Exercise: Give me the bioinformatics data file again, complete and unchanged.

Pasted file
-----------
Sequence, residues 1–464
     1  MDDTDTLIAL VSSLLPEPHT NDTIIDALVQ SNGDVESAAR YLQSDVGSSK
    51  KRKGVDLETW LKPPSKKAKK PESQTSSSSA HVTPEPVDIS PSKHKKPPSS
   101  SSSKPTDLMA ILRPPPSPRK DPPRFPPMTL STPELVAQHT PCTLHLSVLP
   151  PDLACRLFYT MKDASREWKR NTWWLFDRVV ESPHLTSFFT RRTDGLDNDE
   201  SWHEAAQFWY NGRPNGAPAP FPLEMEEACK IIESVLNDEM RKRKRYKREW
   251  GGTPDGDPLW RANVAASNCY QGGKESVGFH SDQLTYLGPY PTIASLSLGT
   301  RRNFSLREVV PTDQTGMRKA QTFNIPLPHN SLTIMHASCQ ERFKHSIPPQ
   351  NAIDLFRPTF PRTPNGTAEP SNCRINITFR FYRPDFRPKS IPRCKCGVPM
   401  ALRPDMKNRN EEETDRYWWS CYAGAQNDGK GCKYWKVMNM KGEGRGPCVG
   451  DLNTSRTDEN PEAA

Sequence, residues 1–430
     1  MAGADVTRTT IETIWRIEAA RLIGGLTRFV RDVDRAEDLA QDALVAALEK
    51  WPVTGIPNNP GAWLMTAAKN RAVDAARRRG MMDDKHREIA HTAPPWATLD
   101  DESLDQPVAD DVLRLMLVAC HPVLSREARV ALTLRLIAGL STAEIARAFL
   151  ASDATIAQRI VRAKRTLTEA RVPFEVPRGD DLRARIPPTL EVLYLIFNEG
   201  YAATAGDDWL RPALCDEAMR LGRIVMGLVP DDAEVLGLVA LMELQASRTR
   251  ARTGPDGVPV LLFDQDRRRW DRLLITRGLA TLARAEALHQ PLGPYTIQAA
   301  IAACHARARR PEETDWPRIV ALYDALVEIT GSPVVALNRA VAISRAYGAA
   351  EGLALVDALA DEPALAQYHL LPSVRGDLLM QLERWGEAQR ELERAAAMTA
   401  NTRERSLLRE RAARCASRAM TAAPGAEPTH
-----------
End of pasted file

Sequence, residues 1–464
     1  MDDTDTLIAL VSSLLPEPHT NDTIIDALVQ SNGDVESAAR YLQSDVGSSK
    51  KRKGVDLETW LKPPSKKAKK PESQTSSSSA HVTPEPVDIS PSKHKKPPSS
   101  SSSKPTDLMA ILRPPPSPRK DPPRFPPMTL STPELVAQHT PCTLHLSVLP
   151  PDLACRLFYT MKDASREWKR NTWWLFDRVV ESPHLTSFFT RRTDGLDNDE
   201  SWHEAAQFWY NGRPNGAPAP FPLEMEEACK IIESVLNDEM RKRKRYKREW
   251  GGTPDGDPLW RANVAASNCY QGGKESVGFH SDQLTYLGPY PTIASLSLGT
   301  RRNFSLREVV PTDQTGMRKA QTFNIPLPHN SLTIMHASCQ ERFKHSIPPQ
   351  NAIDLFRPTF PRTPNGTAEP SNCRINITFR FYRPDFRPKS IPRCKCGVPM
   401  ALRPDMKNRN EEETDRYWWS CYAGAQNDGK GCKYWKVMNM KGEGRGPCVG
   451  DLNTSRTDEN PEAA

Sequence, residues 1–430
     1  MAGADVTRTT IETIWRIEAA RLIGGLTRFV RDVDRAEDLA QDALVAALEK
    51  WPVTGIPNNP GAWLMTAAKN RAVDAARRRG MMDDKHREIA HTAPPWATLD
   101  DESLDQPVAD DVLRLMLVAC HPVLSREARV ALTLRLIAGL STAEIARAFL
   151  ASDATIAQRI VRAKRTLTEA RVPFEVPRGD DLRARIPPTL EVLYLIFNEG
   201  YAATAGDDWL RPALCDEAMR LGRIVMGLVP DDAEVLGLVA LMELQASRTR
   251  ARTGPDGVPV LLFDQDRRRW DRLLITRGLA TLARAEALHQ PLGPYTIQAA
   301  IAACHARARR PEETDWPRIV ALYDALVEIT GSPVVALNRA VAISRAYGAA
   351  EGLALVDALA DEPALAQYHL LPSVRGDLLM QLERWGEAQR ELERAAAMTA
   401  NTRERSLLRE RAARCASRAM TAAPGAEPTH